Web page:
Ahimsa is a Sanskrit word that is usually translated as non-injury or non-harming, but it means so much more than this: compassion, understanding, acceptance, and, at its core, love for all beings. In the Western world, we tend to think of yoga as a physical exercise, and it is, in part, but, like ahimsa, it is so much more than this. Yoga is an ancient philosophy that uses an eight-limbed structure to explain the universe, the human experience, and the interconnectedness of all living things. It is a set of guidelines on how to live in harmony, within ourselves and with all that surrounds us. But yoga is not just a set of lofty thoughts or ideals. Yoga is very practical. In fact, it is a practice, a lifestyle, a way of living one’s life in alignment with the natural world. It requires walking the walk, not just talking the talk.

Asana (physical postures) is only one of eight branches of yoga, detailed in the Yoga Sutras of Patanjali, the master teacher and wise man accredited with the organization of this system. He lists it third, after Yama and Niyama, which are ethical practices in relation to our interactions with others and personal observances. These first two limbs consist of five elements each. The first Yama is ahimsa. This means that ahimsa is the cornerstone of the entire yoga philosophy and practice. And, just like the first stone laid in a building, it forms the foundation upon which everything else is built. If that stone is removed, the building loses stability and, eventually, collapses.

The verses in the Yoga Sutras are like the practices themselves: tightly packed. The practice is to repeat these things, over and over again. Through this process, the meaning and intended effect open themselves up to us, like a blossoming flower. We start with the grossest level and work our way through subtler and subtler levels until we embody the teachings. Ironically, the more we practice ahimsa, or non-harming of others, the happier we become ourselves. So, how do we do this?


As human beings, we cannot live on this planet without creating some degree of harm. For example, we cut down trees to build our houses and burn fuel to drive our cars. When we begin to practice ahimsa, we become aware—possibly for the first time—of the amount of harm we actually cause in our daily lives: to other people, animals, and the environment. But instead of feeling overwhelmed by this new realization, as yogis, we accept where we are and start from there. Once we notice the things we do that create harm in some way, we are able to do something about it.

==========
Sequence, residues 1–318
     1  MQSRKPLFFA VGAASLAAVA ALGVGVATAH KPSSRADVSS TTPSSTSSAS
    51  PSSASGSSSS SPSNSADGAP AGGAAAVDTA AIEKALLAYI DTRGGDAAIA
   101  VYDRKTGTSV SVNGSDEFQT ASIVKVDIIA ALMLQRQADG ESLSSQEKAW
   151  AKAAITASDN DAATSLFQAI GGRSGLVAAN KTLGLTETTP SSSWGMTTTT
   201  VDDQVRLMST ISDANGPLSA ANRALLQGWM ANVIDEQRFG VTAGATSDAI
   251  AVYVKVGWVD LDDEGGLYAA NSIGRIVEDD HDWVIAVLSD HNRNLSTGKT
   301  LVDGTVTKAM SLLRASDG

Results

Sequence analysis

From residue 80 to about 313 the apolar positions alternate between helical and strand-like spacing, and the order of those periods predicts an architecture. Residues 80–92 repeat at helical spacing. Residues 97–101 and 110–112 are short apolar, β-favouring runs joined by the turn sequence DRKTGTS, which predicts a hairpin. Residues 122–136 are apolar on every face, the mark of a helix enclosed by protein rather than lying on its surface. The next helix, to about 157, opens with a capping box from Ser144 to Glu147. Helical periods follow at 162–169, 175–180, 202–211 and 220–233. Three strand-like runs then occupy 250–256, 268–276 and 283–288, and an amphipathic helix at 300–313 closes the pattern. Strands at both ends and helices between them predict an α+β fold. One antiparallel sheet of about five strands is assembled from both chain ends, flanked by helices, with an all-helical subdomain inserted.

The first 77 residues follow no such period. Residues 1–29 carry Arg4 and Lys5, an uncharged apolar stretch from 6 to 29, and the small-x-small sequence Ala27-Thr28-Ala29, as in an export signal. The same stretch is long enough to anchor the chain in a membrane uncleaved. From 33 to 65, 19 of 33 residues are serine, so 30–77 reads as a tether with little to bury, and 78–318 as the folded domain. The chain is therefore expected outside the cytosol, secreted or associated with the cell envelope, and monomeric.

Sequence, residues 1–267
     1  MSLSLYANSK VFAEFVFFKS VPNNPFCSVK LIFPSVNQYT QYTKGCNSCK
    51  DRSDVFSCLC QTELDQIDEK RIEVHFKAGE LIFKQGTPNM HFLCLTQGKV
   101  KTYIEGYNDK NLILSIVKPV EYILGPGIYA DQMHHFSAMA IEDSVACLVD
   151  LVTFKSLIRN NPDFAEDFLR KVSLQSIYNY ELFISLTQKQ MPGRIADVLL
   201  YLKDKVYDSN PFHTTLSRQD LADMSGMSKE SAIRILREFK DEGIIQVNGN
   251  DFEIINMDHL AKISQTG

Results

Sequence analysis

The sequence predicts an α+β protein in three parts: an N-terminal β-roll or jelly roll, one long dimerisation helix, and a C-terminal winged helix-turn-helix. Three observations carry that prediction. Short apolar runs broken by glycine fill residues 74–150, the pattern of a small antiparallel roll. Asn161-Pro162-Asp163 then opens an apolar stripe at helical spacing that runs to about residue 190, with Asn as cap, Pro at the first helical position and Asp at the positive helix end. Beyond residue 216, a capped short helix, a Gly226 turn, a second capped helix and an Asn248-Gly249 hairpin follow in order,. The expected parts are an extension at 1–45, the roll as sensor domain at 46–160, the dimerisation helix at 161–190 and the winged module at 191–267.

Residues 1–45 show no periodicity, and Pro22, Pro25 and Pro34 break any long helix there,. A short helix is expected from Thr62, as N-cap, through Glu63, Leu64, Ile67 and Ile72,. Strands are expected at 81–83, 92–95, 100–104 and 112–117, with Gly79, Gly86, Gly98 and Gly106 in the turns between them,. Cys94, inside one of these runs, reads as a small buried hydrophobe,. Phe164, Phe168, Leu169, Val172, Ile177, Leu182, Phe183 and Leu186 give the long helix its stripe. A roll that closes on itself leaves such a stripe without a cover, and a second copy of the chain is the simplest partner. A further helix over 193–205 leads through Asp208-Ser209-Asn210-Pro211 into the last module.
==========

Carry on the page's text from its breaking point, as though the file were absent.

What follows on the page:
On the grossest level, practicing ahimsa means not killing, but there are many other ways we can cause harm through our actions. Cutting off another car on the road could cause an accident, shoving someone in line could cause them to fall, yanking a dog’s chain could choke it, smoking in the woods could cause a forest fire. When we start to examine our actions, we begin to see that they have consequences, that we do not live in a bubble, that everything we do has an effect on someone or something else. Once we know this, we can control it. We see that we have a choice, and that every situation presents us with an opportunity to decide how we are going to act.


Words can be as damaging as actions, sometimes even more so. Often, harmful words precede a harmful action. For example, when two people get in a fight, a shouting match usually precedes any punching. A person’s tone of voice also has the ability to inflict pain. Think about how it stings when someone says to you sarcastically, “Nice going.” You can hear the unspoken words in their tone: loser, idiot.

Noticing how our words negatively impact others can be more difficult to uncover than actions, and controlling those words even harder, because most of the time, we speak without thinking, like a reaction. But when we really start to notice the weight of our words, and then to care about their effect, a funny thing happens. A little gap opens up in the space before we speak, and in this gap, again, there is a choice. We can decide not to say those harmful words, to choose a different, kinder way to get our point across, or to simply remain silent.


And so we work our way from the physical body back to the thoughts, the subtlest form of energy, and we realize that everything starts here. We don’t just kill a bug, for example. We see the bug, feel frightened or repulsed, and think: I’m going to step on it. And then we do it.

Yoga isn’t really about physical exercise at all. It’s about mind control, controlling our own mind, until we are master of our thoughts rather than slave. This comes slowly, with practice, over time. First, we notice that negative thoughts lead to negative, and therefore harmful, words and actions. Later, we learn to restrain, then reduce negative thinking. Finally, we are faced with another, revolutionary, choice. We realize that we have the ability to replace negative thoughts with positive ones, and this is profound. Once we start to do this, our relationships improve, we move through the world with greater ease, we begin to feel lighter and happier. Our hearts begin to open, we remember we are all one, and understand that in harming “others,” we are harming ourselves.

by Laura Golden